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Hundreds of drug dealers are using Instagram to peddle potent cannabis to children in a billion-pound industry, a Daily Mail investigation has found.
The problem on the Facebook-owned site has mushroomed in lockdown, leading to fears of the drug causing a ‘psychosis timebomb’.
A drug baron who bragged about kidnapping and chopping off the fingers of a client is among the dealers using the social media site to earn themselves millions of pounds a year, our undercover reporters found.
Dealers, some with almost 30,000 followers, promote their wares with enticing pictures of cannabis packaged as children’s sweets and then arrange sales via private messaging services.
When contacted on Instagram by Mail reporters posing as a 16-year-old, they were happy to sell, and boasted about ‘mad strains’ that would get them ‘high as f***’. One promised ‘gifts’ if they recruited their classmates as customers.
Products offered included cannabis-laced sweets with the equivalent strength of 50 joints, which police have warned causes ‘substantial harm’. The sweets have led to hundreds of children – some still in primary school – being rushed to hospital with heart palpitations, anxiety attacks, uncontrollable vomiting, paranoia and hallucinations.
Experts told the Mail that drug dealers had now ‘shifted from street corners on to social media’ because of the ease of selling online. Advertising on platforms such as Instagram gives them greater legitimacy and enables them to ‘build a brand and identity’.
One consultant psychiatrist – who welcomed the Mail’s investigation – warned that the high-strength cannabis trade ‘exploded’ during lockdown and was driving young people into ‘psychosis, depression, anxiety, self-harm and suicide’.
An estimated 8 per cent of school pupils have used cannabis, leading to almost 13,000 under-18s needing treatment last year, including more than 1,000 aged 13 and younger.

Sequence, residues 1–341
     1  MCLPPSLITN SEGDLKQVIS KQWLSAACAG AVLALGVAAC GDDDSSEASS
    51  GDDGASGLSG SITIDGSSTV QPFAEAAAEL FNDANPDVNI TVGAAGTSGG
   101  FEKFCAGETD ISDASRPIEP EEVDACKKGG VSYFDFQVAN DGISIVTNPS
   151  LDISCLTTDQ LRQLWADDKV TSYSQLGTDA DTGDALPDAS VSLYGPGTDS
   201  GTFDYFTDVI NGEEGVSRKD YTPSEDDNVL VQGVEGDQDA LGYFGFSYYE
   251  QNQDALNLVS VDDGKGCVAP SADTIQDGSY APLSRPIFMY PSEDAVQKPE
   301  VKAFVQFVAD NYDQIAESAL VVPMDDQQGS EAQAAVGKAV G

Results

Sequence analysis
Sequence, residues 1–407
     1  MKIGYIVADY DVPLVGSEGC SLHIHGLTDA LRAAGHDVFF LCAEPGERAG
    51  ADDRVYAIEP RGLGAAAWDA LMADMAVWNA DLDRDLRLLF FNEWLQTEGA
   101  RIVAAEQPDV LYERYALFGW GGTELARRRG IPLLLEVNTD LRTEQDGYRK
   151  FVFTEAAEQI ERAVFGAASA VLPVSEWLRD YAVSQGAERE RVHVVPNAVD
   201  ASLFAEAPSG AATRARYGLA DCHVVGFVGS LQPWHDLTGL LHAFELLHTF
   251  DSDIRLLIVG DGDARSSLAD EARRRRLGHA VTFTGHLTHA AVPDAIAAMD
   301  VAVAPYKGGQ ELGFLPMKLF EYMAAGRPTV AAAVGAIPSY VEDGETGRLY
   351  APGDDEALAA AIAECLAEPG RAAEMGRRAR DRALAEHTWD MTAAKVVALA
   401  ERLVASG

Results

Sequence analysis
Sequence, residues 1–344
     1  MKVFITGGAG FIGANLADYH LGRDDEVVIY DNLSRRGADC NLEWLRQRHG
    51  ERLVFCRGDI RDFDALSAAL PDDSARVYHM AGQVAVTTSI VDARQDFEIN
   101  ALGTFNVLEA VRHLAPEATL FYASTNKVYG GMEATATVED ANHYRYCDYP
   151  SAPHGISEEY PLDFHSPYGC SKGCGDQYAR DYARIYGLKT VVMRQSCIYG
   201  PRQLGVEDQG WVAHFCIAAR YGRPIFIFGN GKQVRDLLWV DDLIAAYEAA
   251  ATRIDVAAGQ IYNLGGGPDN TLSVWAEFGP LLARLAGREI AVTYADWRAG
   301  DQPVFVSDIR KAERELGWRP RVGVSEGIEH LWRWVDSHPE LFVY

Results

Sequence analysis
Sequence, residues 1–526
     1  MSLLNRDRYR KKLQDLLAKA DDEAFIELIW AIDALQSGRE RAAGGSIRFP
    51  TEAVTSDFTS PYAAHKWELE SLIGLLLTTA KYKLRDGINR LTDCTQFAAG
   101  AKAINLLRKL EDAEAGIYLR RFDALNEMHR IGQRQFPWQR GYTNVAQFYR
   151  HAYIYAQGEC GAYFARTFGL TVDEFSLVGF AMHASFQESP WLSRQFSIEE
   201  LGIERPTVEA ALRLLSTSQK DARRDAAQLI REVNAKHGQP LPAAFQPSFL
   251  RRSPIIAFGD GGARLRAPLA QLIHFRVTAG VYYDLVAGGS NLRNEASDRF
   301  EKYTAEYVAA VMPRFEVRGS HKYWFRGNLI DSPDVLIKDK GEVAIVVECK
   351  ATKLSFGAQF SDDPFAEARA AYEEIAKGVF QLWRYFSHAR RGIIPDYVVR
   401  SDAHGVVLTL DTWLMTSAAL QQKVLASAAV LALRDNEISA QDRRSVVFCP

The UK’s illegal cannabis market is valued at between £2-2.6billion. As early as 2014, one in four sales were made online. The proportion is now believed to be far higher.
A mother whose daughter killed herself after suffering from cannabis-induced psychosis fears ‘many more’ youngsters will die because of social media’s growing influence.
Katya Kowalski, of drug harm reduction advocacy group Volteface which has studied online drugs sales, said social media apps had made it much easier for dealers to target young people.
She adde d: ‘They’re able to create more of a community – a friendly mechanism that doesn’t necessarily seem overwhelming or intimidating. One of the key issues, especially with young people, is that drug dealers then almost become friends.
‘The way it is branded makes them look a lot more friendly and approachable – which is a lot different to going down a dark alleyway at night to pick up.’
She said it meant drug dealing had ‘shifted from street corners onto social media’, with platforms like Instagram giving the dealer ‘more legitimacy, allowing them to build a brand and identity’.
Dr Niall Campbell, one of the UK’s leading drug addiction experts based at the Priory’s hospital in south-west London, said: ‘Increasingly young people are able to buy cannabis or other drugs via the internet or social media, which is extremely worrying.
‘The mental health effects can include psychosis, depression, anxiety disorders, self-harm and suicidal behaviours.
‘This cannabis trade has exploded under lockdown, with bored teens spending hours online at home or in university halls of residence, and then in parks or with their mates when lockdown lifted.’
An undercover Mail reporter posing as a 16-year-old contacted a string of Instagram dealers, including London based SpaceshakeUK. It advertises a range of cannabis edibles, such as Lucky Charms and fruit-flavoured gummies marketed with the slogan ‘have you ever been to space?’, to more than 27,000 followers.
The reporter was offered a ‘banging’ strain and told ‘no stress’ when he revealed his age.
Manchester-based Stonechester, which promotes its wares to more than 19,000 followers using videos by high-profile rappers, was happy to offer a teenager a range of high-strength cannabis with names such as ‘Loaded Cannons’ and ‘Jet Fuel’, all of which were available for ‘next day’ delivery.
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